All Visiting Artist [sic] posts:
Parts 2 & 3: On Dan Flavin
Parts 4 & 5: On Throwing Art Away
video of Part 6: On Joep van Lieshout, which I apparently didn’t post here
Parts 7 & 7 [sic] on Robert Smithson

Visiting Artist [sic], Parts 4 & 5: On Throwing Art Away


I didn’t realize it at the time, but these two clips about Cary Leibowitz and Joep van Lieshout end up being related. Both artists make work that directly questions the value that the “Art” label imbues to an object. And though Cary comes at it from a position of artist neediness and Joep from defiant bravado, both address the issue of whether an “Art” object should be preserved.
Which is interesting, since I think MoMA threw out the van Lieshouts they commissioned when they built their new building.

And yeah, no, I don’t know why the YouTube stills for all my videos are green, either. It’s not like I whipped together a faux Flavin in the auditorium or anything.
All Visiting Artist [sic] posts:
Parts 2 & 3: On Dan Flavin
Parts 4 & 5: On Throwing Art Away
video of Part 6: On Joep van Lieshout, which I apparently didn’t post here
Parts 7 & 7 [sic] on Robert Smithson

Visiting Artist [sic], Parts 2 & 3: Dan Flavin

In April 2007, I spoke at the University of Utah as part of their Visiting Artist lecture series.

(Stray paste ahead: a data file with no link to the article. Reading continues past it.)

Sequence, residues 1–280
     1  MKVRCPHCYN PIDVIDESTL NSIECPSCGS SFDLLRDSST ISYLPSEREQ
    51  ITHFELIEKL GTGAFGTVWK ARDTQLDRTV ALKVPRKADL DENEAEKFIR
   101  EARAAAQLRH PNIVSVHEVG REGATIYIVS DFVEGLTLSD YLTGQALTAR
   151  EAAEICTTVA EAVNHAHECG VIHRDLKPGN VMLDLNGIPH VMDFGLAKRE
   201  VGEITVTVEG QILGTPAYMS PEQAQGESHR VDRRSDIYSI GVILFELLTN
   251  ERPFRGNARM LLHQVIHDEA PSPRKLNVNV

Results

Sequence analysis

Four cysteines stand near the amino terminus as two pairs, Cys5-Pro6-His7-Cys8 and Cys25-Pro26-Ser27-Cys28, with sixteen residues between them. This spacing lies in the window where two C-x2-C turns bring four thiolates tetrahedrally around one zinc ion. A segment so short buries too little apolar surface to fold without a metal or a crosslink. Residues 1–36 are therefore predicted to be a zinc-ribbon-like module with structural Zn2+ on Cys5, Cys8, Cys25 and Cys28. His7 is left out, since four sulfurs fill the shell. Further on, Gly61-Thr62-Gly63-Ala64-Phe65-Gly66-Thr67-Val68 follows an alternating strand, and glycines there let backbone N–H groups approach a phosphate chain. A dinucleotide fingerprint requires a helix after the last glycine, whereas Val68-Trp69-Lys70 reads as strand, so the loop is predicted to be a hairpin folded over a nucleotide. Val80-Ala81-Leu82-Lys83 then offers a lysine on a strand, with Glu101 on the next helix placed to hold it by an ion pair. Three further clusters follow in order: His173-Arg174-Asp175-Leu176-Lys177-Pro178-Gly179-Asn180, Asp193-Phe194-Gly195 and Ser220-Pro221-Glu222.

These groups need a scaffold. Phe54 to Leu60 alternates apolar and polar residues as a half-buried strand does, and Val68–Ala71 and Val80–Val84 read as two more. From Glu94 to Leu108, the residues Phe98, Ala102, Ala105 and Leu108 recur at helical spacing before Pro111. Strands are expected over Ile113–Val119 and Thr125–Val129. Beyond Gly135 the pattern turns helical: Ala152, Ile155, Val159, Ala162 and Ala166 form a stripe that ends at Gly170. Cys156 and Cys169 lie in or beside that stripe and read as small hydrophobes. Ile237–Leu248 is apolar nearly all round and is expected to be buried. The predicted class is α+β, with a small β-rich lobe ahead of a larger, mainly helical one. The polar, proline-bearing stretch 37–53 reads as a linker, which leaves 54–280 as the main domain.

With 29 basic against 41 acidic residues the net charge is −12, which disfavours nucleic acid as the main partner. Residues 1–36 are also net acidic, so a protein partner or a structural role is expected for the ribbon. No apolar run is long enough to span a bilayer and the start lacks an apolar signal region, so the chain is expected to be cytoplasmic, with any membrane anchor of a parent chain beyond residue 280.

I was stoked, partly because Robert Smithson had famously spoken at the UofU, too, in 1969; his lecture and slideshow, “Hotel Palenque,” became an influential part of Smithson’s canon, and it’s a personal favorite of mine. After his death, the recording of the lecture declared a work, a “multimedia installation” which has been exhibited in museums and was acquired by the Guggenheim.
I took this somewhat problematic transformation as an inspiration for both my topic and my work. So I rounded up some other examples of how money and attention have impacted contemporary artworks after they have left the artists’ studios. Then in homage to the hilariously crappy film version of “Hotel Palenque” shot from the audience [it can be viewed in its wobbly entirety on Ubu, which describes it as a “Bootleg film/ documentation / artwork by Alex Hubbard”] I gave my younger brother my video camera, and told him to just let it roll.
The lesson was that money and the market will have its way with your work anyway, so you might as well prepare for it; so at the end, I told the audience that in order to remove any ambiguity in the future, I was officially declaring the lecture to be a work, my first in what Paul Morrissey described as “the medium of the lecture circuit.” So I passed around a stack of signed, numbered certificates of authenticity. 46 people took them.
Anyway, I thought the tape was lost immediately after the lecture, but then this weekend, just after the work’s 2-year anniversary, I found it in a bag. So I’m ripping it and posting the various segments of the talk on YouTube.
First up: Parts 2&3, Dan Flavin [I’ll post Part 1, my intro, but I can’t bring myself to intro it.]

In these two segments, I recapped some of the things I found while writing about Flavin’s work for the NY Times in 2005, including how collectors are fetishizing vintage hardware over the artist’s preferred newness, and how the Estate has adapted to that demand, as well as to the discontinuation of Flavin’s original light bulbs and fixtures.

Future segments will look at The Gates, Cary Liebowitz’s work, MoMA and the work of Joep van Lieshout, and changes to Smithson’s Palenque and Spiral Jetty. Stay tuned.